Atmospheric rivers are storms akin to rivers in the sky that dump massive amounts of rain and can cause flooding, trigger mudslides, and result in loss of life and enormous property damage.
The latest in a series of atmospheric river storms has soaked California, causing flooding and mandatory evacuations for about 27,000 residents in 10 counties.
Keep readinglist of 4 items
Here is what to know about the weather phenomenon:
What is an ‘atmospheric river’?
An “atmospheric river” is a relatively long, narrow region that transports columns of water vapour away from the tropics in the atmosphere.
According to the National Oceanic and Atmospheric Administration (NOAA), these columns can carry roughly 7.5 to 15 times the average flow of water at the mouth of the Mississippi River.
When the atmospheric rivers reach land they often release these columns of water vapour in the form of rain or snow.
On average, the West Coast receives between 30-50 percent of its annual precipitation through “atmospheric rivers”, according to the NOAA.
Are ‘atmospheric rivers’ dangerous?
Atmospheric rivers are usually harmless. Weaker storms provide beneficial amounts of rain for the water supply.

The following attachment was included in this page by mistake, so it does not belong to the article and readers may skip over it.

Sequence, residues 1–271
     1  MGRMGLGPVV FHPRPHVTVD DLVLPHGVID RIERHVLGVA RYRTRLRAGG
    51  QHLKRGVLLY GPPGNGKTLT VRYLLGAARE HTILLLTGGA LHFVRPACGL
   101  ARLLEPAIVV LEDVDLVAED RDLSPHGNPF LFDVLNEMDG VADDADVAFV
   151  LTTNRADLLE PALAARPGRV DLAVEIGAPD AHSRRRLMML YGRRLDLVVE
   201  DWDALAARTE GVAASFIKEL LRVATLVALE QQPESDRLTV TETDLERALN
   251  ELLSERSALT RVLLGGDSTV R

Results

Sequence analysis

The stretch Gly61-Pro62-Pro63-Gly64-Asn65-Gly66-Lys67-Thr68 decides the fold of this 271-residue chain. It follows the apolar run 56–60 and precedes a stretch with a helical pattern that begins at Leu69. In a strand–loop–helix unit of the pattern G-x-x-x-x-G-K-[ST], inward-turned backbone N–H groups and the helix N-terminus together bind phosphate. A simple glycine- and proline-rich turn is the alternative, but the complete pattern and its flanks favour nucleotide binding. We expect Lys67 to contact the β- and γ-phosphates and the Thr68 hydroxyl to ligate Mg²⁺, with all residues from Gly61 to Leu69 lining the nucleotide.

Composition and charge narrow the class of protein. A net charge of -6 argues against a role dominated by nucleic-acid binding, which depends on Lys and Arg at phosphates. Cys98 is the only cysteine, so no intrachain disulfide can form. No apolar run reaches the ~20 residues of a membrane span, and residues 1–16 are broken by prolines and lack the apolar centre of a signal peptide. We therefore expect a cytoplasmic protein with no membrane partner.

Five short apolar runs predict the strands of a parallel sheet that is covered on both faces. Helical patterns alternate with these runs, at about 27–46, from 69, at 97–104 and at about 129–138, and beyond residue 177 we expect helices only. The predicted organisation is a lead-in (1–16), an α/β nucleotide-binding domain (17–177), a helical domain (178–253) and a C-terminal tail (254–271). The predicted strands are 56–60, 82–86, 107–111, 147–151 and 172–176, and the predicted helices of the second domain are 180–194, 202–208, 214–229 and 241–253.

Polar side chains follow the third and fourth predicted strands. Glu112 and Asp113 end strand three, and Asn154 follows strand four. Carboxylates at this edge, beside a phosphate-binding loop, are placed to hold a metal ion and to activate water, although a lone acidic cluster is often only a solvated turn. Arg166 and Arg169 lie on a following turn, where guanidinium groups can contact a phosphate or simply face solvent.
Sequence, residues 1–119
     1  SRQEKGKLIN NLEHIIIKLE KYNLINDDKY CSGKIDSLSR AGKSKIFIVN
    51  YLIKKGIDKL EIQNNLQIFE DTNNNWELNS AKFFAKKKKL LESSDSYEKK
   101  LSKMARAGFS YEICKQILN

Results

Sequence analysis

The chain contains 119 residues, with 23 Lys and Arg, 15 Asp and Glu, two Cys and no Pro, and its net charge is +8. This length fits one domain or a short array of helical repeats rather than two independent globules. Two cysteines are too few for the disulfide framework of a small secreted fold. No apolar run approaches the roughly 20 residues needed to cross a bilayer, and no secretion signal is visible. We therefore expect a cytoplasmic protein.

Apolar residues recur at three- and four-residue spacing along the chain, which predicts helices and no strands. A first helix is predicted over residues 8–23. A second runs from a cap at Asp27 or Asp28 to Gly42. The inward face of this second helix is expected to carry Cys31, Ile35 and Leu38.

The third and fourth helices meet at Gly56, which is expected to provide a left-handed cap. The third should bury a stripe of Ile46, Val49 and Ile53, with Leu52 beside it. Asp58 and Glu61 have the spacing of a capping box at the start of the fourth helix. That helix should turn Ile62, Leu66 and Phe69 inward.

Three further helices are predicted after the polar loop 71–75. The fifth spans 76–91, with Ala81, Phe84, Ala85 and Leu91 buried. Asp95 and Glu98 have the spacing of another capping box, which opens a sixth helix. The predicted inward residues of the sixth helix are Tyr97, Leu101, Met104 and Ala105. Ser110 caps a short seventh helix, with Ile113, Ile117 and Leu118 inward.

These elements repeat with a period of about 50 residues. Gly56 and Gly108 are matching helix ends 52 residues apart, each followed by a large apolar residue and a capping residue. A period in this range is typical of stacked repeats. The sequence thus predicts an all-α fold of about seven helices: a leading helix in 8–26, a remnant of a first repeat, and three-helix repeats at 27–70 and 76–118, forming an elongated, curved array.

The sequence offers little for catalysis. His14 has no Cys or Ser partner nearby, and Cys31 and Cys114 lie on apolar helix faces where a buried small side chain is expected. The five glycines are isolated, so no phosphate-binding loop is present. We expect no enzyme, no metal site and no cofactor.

Atmospheric rivers are ranked on a scale of 1-5 based on how much moisture they transport from the tropics to the mid-latitudes.
However, category 4 or 5 atmospheric rivers that produce large quantities of rain can result in severe flooding, induce mudslides and cause catastrophic damage to life and property, according to the NOAA.
In 2019, an atmospheric river nicknamed the “Pineapple Express” hit California. The water vapor from near Hawaii brought rain and triggered mudslides that forced motorists to swim for their lives and sent homes sliding downhill.
In 2021, an atmospheric river dumped a month’s worth of rain on British Columbia in two days, prompting fatal floods and landslides, devastating communities and severing access to Canada’s largest port.
How common are atmospheric rivers?
These “rivers in the sky” are relatively common, with about 11 present on Earth at any time, according to NASA. Most atmospheric rivers are weak and do not cause damage. In fact, they can provide much needed rain or snow.
One such storm last year in drought-stricken California triggered mudslides, toppled utility poles and blocked roadways, but also helped replenish depleted reservoirs and reduced the risk of wildfires by saturating the state’s parched vegetation.
What impact will climate change have on them?
Atmospheric rivers of the kind that drenched California and flooded British Columbia in recent years will become larger — and possibly more destructive — because of climate change, scientists say.
Columns in the atmosphere hundreds of kilometres long carry water vapor over oceans from the tropics to more temperate regions in amounts more than double the flow of the Amazon River, according to the American Meteorological Society.
There are projected to be 10 percent fewer atmospheric rivers in the future, but they are expected to be 25 percent wider and longer and carry more water.